I hope Obama wins the nomination (for reasons which have nothing to do with race) but he is certainly not entitled to the nomination because of being black. If we accept this logic, as well as the premise that Edwards being in the race helps Clinton, then how come a black man deserves special consideration and not the potential first woman president? It is also far from clear that Edwards takes more votes from Obama than Clinton. Just yesterday I noted one analysis of the candidates which found Obama’s positions to be more unique, differing from those of both Clinton and Edwards. It is debatable whether Obama’s chances would be better in a two way race against Clinton. While I might not agree with their support of Edwards, I also bet most people who are supporting Edwards are doing so for reasons having nothing to do with standing in the way of the first black president.

Old News Accounts Contradict Paul’s Defense

Back in November I discussed how libertarians were beginning to dissociate themselves from Ron Paul, and even half jokingly suggested that Reason would eventually do so on its cover to differentiate themselves from Paul’s markedly non-libertarian views. For a while many libertarians hid their heads in the sand, ignoring what long time libertarians know about Paul, and deceived themselves into thinking they had a true libertarian candidate achieving national attention. The recent article in The New Republic was the last straw, with even many of the writers at Reason realizing that it was time to drop the pretense. I’ve noted some of the responses to the quotations from Paul’s newsletter from libertarians here and here.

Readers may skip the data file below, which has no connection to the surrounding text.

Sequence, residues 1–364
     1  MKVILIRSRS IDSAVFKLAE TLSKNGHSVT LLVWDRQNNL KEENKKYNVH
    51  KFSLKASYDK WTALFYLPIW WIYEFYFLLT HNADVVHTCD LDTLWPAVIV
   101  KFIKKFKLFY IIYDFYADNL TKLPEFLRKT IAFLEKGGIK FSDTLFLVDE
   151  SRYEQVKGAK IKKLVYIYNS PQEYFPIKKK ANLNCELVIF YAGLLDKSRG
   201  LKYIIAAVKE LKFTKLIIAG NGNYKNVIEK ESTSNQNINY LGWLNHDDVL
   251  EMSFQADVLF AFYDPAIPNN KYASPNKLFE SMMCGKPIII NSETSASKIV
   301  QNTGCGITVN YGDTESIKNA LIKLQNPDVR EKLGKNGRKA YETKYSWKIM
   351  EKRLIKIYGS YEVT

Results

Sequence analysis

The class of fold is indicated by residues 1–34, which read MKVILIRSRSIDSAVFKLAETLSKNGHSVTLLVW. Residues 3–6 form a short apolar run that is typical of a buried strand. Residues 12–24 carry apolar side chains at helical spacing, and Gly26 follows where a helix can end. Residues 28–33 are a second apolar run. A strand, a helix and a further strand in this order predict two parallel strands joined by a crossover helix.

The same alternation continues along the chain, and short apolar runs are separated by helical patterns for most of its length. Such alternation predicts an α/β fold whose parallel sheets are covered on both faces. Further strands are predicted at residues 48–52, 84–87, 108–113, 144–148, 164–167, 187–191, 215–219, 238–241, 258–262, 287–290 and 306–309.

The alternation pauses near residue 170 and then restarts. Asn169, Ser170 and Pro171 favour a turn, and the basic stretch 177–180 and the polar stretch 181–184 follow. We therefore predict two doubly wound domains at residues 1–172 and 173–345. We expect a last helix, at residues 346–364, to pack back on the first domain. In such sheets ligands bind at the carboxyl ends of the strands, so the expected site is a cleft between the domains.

Reason is now trying hard to redeem themselves. Paul’s defense has been that he wasn’t the author of the racist articles in the newsletter published under his name, and tried to write off the controversy as old news. Slavery, Jim Crow laws, and the Holocaust are also “old news” but it doesn’t result in us ignoring those whose beliefs remind us of these policies. The obvious question if this is “old news” is whether Paul has ever condemned the articles in the past or denied having written them. Reason has reviewed public statements from Paul over the years. The reports are quite incriminating. At times Paul defended the writings, and the context of the news reports suggests Paul wrote the articles. For example, the May 22, 1996 Dallas Morning News contains this (emphasis mine): “Dr. Paul denied suggestions that he was a racist and said he was not evoking stereotypes when he wrote the columns. He said they should be read and quoted in their entirety to avoid misrepresentation.” This hardly sounds like someone who is either denying that he wrote the articles or that he agrees with them.

I don’t doubt that Paul sometimes had ghost writers, but question how much he disagreed with their views. Even if he didn’t personally agree, he never had any qualms about associating himself with those who hold the expressed views. As The Economist notes, Lew Rockwell is widely believed to have written some of the material. While Paul now tries to dissociate himself from the articles, he has shown no willingness to disassociate himself from Rockwell and other associates with similar ideas.

Without the benefit of a Vulcan mind meld I cannot say for certain what Paul personally believes. What matters is that he has tolerated the promotion of racism in his newsletter for years. Megan McArdle summed up the issue well (before the report from Reason):